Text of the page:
Je Ne Parle Pas Français

So, one of the items on my Mighty Life List is “Be conversational in seven languages.” I studied Spanish for years, and I think language really shapes how I think. Knowing another language besides my native tongue has given me an alternate way of looking at the world. Knowing Spanish specifically makes me sometimes want to cry when I hear a guitar playing at night, and makes me more willing to be the first one dancing at parties. That could also be the tequila of course, but I digress.

When I first made my list, some part of me thought the simple act of writing things down would magically make them happen. Like once I realized that I wanted to pick blackberries and make pies, I’d just find myself passing blackberry bramble on a walk one Sunday with a bucket in hand.

As I’ve started to cross things off, it has genuinely surprised me that I have to plan fun. I guess some part of me thinks that fun will just happen, even very specific types of fun, and that I shouldn’t have to actively put aside time for that stuff.

It took around three years of lessons before I could get the gist of most conversations in Spanish. So if I start now, it will be about fifteen years before I can cross off this goal.

On Wednesday night, I got started. Verizon is sponsoring French classes with Bryan, which we’ll be attending until we can speak French. I’ll keep you posted.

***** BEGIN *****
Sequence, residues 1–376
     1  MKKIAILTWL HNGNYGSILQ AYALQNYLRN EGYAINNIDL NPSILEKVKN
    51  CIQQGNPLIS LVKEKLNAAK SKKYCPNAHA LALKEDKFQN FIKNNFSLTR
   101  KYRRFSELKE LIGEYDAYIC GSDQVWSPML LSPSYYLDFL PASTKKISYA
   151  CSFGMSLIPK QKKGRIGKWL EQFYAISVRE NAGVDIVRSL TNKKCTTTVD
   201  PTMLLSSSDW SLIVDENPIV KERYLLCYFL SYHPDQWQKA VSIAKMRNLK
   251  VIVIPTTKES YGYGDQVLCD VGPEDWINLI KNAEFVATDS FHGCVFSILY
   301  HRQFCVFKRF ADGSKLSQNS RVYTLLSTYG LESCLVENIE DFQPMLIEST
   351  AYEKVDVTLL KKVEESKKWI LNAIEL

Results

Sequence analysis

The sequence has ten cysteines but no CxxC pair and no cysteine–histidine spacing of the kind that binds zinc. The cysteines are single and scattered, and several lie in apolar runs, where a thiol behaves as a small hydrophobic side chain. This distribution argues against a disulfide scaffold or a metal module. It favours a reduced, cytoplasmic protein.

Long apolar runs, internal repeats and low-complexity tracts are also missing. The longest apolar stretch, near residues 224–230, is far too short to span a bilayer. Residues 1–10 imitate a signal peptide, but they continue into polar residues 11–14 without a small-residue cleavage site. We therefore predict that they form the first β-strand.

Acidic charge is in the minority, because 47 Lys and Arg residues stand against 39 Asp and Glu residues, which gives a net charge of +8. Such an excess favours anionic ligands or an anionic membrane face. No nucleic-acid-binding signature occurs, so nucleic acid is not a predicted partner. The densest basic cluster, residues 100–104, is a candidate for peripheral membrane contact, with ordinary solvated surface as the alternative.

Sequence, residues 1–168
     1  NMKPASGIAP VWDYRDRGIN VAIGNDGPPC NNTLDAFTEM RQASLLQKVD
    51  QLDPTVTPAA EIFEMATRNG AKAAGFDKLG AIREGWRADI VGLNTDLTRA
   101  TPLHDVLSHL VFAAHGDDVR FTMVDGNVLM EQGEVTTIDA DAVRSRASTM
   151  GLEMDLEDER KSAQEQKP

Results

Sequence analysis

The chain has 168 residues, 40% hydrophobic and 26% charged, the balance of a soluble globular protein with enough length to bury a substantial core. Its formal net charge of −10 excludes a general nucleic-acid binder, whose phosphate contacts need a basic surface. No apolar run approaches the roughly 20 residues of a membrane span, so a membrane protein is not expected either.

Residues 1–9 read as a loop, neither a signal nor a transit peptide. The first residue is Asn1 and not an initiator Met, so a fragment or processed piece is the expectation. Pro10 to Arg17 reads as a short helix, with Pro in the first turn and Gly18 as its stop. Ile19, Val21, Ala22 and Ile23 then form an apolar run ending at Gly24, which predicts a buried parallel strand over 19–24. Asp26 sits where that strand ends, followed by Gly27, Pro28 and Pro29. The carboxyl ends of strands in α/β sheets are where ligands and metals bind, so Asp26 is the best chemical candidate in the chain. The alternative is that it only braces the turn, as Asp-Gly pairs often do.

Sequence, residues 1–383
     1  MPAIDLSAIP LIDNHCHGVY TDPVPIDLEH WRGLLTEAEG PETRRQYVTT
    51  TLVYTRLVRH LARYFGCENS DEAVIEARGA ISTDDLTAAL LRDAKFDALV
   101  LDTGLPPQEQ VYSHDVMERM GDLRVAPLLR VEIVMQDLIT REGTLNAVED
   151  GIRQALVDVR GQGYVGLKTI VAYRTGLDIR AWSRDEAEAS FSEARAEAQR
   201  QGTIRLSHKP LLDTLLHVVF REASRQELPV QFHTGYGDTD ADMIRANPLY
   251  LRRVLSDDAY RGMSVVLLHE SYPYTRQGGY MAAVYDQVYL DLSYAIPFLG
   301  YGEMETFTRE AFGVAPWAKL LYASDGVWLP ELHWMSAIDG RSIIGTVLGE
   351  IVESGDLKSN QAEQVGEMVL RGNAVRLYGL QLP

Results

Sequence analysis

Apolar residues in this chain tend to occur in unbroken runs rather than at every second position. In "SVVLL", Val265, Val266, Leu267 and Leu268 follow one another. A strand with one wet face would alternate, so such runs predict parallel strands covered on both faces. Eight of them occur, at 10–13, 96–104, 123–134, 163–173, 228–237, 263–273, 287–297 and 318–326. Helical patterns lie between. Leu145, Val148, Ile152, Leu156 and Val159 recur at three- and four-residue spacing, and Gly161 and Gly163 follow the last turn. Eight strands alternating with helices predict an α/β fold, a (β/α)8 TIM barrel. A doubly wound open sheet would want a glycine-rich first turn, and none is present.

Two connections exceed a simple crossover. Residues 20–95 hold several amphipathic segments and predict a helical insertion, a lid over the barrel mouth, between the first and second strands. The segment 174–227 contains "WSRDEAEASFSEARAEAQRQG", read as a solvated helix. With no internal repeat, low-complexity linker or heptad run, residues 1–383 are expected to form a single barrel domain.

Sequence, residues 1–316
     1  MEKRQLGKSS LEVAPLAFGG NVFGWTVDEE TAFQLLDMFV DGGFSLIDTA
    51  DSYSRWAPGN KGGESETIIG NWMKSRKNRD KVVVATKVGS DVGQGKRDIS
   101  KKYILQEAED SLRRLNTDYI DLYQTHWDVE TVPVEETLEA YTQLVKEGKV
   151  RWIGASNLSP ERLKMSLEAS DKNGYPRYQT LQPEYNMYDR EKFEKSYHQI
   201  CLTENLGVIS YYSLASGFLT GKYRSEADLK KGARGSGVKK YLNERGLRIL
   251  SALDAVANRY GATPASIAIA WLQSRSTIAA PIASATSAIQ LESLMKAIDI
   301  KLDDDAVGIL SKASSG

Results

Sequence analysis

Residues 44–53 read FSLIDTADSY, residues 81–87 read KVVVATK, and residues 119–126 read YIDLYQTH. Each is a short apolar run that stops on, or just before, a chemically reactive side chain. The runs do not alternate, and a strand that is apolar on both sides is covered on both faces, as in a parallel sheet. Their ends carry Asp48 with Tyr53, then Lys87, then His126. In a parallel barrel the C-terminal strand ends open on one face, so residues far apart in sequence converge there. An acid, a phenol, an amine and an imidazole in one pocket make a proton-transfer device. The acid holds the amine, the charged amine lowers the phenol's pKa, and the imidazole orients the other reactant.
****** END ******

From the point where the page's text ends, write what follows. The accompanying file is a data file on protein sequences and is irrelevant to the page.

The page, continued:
Merci beaucoup to Verizon Wireless for sponsoring my Mighty Life List and helping me achieve my dreams. They’re making my site more interesting by helping me cross off few more goals, and they also gave me a Palm Pre Plus. One that completes calls. Thanks, guys.

Language Links

(Wood Type Collage #E by Green Chair Press)

How Interpretation Works at the United Nations

“U.N. interpreters don’t need to know every official language. Rather, the U.N. hires interpreters who can translate into their native language from at least two other languages. A Russian interpreter, for example, might also know English and French. But he might not know Chinese. In that case, if the speaker is Chinese, the interpreters will use what’s called a “relay system.” The interpreters in the Chinese booth will translate the original speech into English or French, and the rest of the interpreters will translate that version into their own languages.”

The Infinite Jest Vocabulary Glossary (via @beksandro):

Anechoic (an·e·cho·ic) — Neither having nor producing echoes.

Regarding “Hell for Leather”:

“Hell for leather, in American vernacular, refers to an arduous walk that may have been strewn with difficulties and was a strain on footwear.”

The nicest things anyone has ever said to Antonia:

“I wish you were my mum.”